Hostage Taking Example: Google Personalized & Real-Time Search

This is a different post for a different day (like, perhaps later this week), but I think we can all agree that Google fell off a cliff the past few days to become one of the scariest and most egregious hostage taker the world has seen.  It was worse than most of us even expected it to be.  Again, more on this from us later, but for now – holy bejesus to the things we’re looking at right now!  And Eric Schmidt’s mom-like stance on Internet privacy.

The point is – when you take people’s data hostage without their authorization they tend to react badly.  And by “badly” I mean “it makes them hate you”.  It’s a violation of their trust, of your promise, and of everything else that social media and direct marketing is based around. Don’t partake in hostage taking. It’s just not nice. Even if your name starts with a ‘G’ and rhymes with “Schmoogle”.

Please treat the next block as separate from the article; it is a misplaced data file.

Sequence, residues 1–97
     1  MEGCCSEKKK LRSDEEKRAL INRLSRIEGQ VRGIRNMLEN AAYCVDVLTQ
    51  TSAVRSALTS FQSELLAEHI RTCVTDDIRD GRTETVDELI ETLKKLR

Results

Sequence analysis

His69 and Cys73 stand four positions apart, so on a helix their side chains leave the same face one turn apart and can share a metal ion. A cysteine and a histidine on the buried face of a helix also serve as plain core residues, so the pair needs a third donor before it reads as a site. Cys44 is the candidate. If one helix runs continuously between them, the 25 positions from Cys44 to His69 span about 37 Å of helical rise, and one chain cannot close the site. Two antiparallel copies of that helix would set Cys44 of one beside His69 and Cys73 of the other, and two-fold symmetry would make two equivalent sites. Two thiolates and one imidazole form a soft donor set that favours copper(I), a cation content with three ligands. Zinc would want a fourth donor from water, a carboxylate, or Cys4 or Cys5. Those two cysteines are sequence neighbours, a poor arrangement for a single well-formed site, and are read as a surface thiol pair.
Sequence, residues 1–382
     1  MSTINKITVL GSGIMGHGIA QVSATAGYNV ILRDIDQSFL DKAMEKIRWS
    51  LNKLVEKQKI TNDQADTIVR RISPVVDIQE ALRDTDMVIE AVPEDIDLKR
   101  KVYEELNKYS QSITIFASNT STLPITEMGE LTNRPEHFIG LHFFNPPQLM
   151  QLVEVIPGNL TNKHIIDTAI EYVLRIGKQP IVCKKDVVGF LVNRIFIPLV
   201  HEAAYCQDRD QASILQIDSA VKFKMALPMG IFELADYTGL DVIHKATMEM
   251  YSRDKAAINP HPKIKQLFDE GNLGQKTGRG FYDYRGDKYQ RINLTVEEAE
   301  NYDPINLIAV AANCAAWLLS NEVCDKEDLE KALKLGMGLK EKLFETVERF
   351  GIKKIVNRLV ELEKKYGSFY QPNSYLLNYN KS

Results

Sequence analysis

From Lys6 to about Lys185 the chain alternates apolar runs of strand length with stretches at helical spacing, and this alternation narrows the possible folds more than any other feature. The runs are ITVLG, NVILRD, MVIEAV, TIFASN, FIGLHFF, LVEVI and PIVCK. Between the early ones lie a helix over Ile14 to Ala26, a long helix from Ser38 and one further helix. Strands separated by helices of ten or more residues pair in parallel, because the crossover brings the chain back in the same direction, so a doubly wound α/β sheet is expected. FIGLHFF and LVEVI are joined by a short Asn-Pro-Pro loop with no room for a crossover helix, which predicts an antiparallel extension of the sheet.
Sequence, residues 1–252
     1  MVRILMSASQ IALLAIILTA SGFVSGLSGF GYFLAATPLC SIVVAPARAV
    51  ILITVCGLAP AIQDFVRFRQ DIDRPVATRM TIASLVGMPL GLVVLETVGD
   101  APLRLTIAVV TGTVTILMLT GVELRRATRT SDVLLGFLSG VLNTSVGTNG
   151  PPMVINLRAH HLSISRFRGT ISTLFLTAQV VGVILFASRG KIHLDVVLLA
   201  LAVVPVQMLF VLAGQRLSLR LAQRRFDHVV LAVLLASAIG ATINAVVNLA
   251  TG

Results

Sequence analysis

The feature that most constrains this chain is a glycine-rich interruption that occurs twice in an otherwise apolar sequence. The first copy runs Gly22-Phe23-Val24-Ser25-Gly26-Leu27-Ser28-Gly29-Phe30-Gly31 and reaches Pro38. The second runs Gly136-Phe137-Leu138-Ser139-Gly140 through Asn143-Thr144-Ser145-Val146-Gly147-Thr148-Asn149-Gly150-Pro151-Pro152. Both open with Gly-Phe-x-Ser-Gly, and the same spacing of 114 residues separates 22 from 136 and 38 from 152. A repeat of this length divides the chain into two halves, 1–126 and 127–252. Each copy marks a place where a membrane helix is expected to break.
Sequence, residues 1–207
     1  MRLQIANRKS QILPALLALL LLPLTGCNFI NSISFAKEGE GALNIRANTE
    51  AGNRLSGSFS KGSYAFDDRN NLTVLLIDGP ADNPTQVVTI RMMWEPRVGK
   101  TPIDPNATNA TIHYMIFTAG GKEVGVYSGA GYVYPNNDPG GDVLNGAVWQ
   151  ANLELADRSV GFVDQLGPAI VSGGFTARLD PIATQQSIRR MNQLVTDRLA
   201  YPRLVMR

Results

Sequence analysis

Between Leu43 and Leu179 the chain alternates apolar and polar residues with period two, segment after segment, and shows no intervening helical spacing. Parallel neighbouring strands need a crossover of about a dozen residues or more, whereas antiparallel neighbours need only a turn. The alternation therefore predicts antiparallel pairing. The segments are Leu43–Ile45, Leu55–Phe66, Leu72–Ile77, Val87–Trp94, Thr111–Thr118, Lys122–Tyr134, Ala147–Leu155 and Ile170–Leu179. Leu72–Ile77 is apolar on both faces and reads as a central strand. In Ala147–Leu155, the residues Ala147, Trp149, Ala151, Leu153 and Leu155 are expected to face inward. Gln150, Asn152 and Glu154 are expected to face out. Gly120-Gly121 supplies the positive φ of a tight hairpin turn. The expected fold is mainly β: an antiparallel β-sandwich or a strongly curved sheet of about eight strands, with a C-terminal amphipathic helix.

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About the Author

Lisa Barone

Lisa Barone co-founded Outspoken Media in 2009 and served as Chief Branding Officer until April 2012.

Get social with Lisa at Twitter

12 thoughts on “Hostage Marketing: Hot New Fad For 2010?

  1. The core issue always seems to fall back to relationship building. Just like real life, relationship building on the InterWeb involves establishing a bond of trust between individuals. Yes, I said individuals. We wouldn’t want someone with whom we had established a relationship in-the-flesh to take us, or our data, hostage. We don’t appreciate it any less when it happens on the InterWeb.